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A Persian Love Affair with Herbs and Salmon & Cilantro Stew (Ghalieh Mahi)

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Fresh parsley and mint

You are probably seeing a lot of green on the world-wide-web this time of year. And frankly, it’s not just for that silly Shamrock Day where everyone is Irish once a year. There is actually another holiday that was green before St. Patty’s Day: It’s the Persian New Year, or Noruz, the first day of Spring. This year it lands on March 20th.

I have already given you all a history lesson of this beautiful celebration (you can read it here) that dates back thousands of years. No, this post is something different.

To celebrate the rebirth of nature, the beginning of spring, Persians love to cook with anything green. And this typically means fresh herbs.

And not just one type of herb, either.

In one Persian dish, you could have as many as 5 different herbs. You would think with all of this flavor they would be competing with each other, but they do not. They actually compliment each other very well.

The traditional Persian meal for Noruz is Sabzi Pollo ba Mahi, or Rice with Greens (aka “herbs”) and Fish. When I make Sabzi Pollo, I like to use dill, parsley, cilantro, green onions and spinach (not an herb, but it’s green and adds some nutritional punch).

Persian Herb Quiche/Omelette (Kookoo-yeh Sabzi)

Another traditional meal served to celebrate the new year is Kookoo-yeh Sabzi, or Herb Quiche/Frittata. This crustless egg quiche uses the same greens as Sabzi Pollo, but also includes fenugreek and saffron.

Back in February, I was visiting family in Northern California. One of cousins served a new “green” dish that my husband and I had not had before. It was Salmon & Cilantro Stew (Ghalieh Mahi).

Salmon & Cilantro Stew (Ghalieh Mahi)

Although not a traditional for the Persian New Year, this is another herb-packed stew. Similar to Ghormeh Sabzi, an herb stew made with lamb or beef, but different proportions.

Ghalieh Mahi originates from northern Iran, the Caspian Sea region where fresh fish (and caviar!) is abundant. Many dishes from this region use a lot of garlic and are sour. Apparently, you do not smell the garlic as much in this humid area and the sourness does not affect one’s constitution as harshly, either.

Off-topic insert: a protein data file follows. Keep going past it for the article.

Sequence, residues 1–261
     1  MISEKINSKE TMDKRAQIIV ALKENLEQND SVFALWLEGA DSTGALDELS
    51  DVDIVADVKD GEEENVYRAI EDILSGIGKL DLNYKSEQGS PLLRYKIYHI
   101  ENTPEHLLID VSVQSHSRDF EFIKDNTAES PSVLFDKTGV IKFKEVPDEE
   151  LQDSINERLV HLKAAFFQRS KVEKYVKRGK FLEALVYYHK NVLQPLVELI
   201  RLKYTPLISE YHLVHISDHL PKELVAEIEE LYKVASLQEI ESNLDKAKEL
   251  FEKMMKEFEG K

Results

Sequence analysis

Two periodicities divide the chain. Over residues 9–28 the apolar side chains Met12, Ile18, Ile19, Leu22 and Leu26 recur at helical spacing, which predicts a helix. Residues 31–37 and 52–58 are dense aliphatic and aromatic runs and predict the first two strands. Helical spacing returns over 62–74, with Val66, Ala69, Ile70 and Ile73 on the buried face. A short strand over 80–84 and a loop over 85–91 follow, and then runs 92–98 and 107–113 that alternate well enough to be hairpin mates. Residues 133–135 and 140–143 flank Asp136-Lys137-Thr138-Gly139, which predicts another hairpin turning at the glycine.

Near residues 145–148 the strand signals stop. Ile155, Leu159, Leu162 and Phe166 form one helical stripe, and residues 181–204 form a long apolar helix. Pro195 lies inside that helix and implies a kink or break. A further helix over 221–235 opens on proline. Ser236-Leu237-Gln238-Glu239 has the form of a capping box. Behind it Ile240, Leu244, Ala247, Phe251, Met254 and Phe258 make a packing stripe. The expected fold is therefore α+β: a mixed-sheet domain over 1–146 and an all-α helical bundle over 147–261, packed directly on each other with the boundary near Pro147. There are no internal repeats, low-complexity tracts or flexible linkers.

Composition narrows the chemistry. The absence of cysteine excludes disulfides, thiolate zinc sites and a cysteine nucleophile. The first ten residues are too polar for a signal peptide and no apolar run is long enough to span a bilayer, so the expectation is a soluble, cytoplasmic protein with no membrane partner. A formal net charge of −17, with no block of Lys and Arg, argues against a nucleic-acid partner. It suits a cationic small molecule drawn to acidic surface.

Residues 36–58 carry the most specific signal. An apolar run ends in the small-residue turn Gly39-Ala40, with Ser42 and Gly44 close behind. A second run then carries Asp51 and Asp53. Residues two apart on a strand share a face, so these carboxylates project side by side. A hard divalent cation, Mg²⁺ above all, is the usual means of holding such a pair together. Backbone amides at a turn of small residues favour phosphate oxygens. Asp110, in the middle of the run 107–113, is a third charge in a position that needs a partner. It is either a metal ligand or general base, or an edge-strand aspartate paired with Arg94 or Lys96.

Prep for Salmon & Cilantro Stew (Ghalieh Mahi)

Ghalieh Mahi is made primarily with cilantro, but parsley, green onions and fenugreek are also used. I used about 4 large cloves of garlic, but you can easily add or subtract the amount of garlic you want to taste.

Onions are first sautéed with turmeric and then the herbs are added.

Prep for Salmon & Cilantro Stew (Ghalieh Mahi)

Persian stews are typically “soured” with the use of lemon juice or dried limes. Ghalieh Mahi uses tamarind, which has a slightly different sourness to it. I used a combination of tamarind and lemon juice, per my lemon-loving-husband’s request, and it turned out amazing. A little tomato paste gives the stew a bit of body.

Prep for Salmon & Cilantro Stew (Ghalieh Mahi)

The stew can be made days ahead, and actually is preferred this way so the flavors can melt together even more. You add the salmon to the stew 20 minutes prior to serving, to keep the fish fluffy and not over-cooked.

Prep for Salmon & Cilantro Stew (Ghalieh Mahi)

No matter what holiday you choose to celebrate this March, make it a green one!

 

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12 Responses to A Persian Love Affair with Herbs and Salmon & Cilantro Stew (Ghalieh Mahi)

  1. Great post Laura! I have to say I’m not too familiar with herbs. Compared to other cuisines, we don’t really put herbs in traditional Japanese food (we have different kinds). But I enjoy all kinds of herbs and hope not to be shy on using them (sometimes I’m not sure how I should combine multiple herbs). Your herb fritatta looks amazing!!!! Have a great weekend!

    • Laura at #

      Nami, you are such a talented cook, I’m sure you’ll come up with something fabulous!

  2. Maureen at #

    Love herbs but I have never tried a herb quiche fritatta. How wonderful is this??

    I’ve got the herbs in pots and I’ve got eggs – I’m in business!

    • Laura at #

      I hope you like it! I really enjoy it all year round, and not just for Spring.

  3. Kocinera at #

    What a great holiday! I love that it incorporates so many yummy, herby dishes!

    • Laura at #

      Thank you! I find myself using fresh herbs in everything I prepare. So aromatic and delicious!

  4. The fritatta looks wonderful! I just made one on Sunday…should have added more herbs since my garden is bursting :) And the stew looks fantastic as well :)

    • Laura at #

      Aren’t fritattas the best?! I really should make them more often!

  5. I just love this recipe Laura. The only change I will make when I make this tomorrow is to sear my salmon so it is medium rare and serve it atop a puddle of this delicious and healthful Ghalieh Mahi.

  6. amee at #

    I love love love cooking with herbs. Your pics are beautiful. I am inspired to create something vegetarian from this idea! Thanks!

  7. Guest at #

    “And frankly, it’s not just for that silly Shamrock Day where everyone is Irish once a year.”

    There isn’t really any need to belittle another person’s heritage/beliefs to show your own in better light. Very unprofessional and offensive. Just because many people abuse the concept of St. Patrick’s day in the US, it does not mean that there are not more people worldwide who actually take this religious holiday very seriously.

    • Laura at #

      I’m sorry you were offended, as that was not my intention. But, considering how many thousands of people who have read this post and were not offended, perhaps you read something in my post that just wasn’t there.

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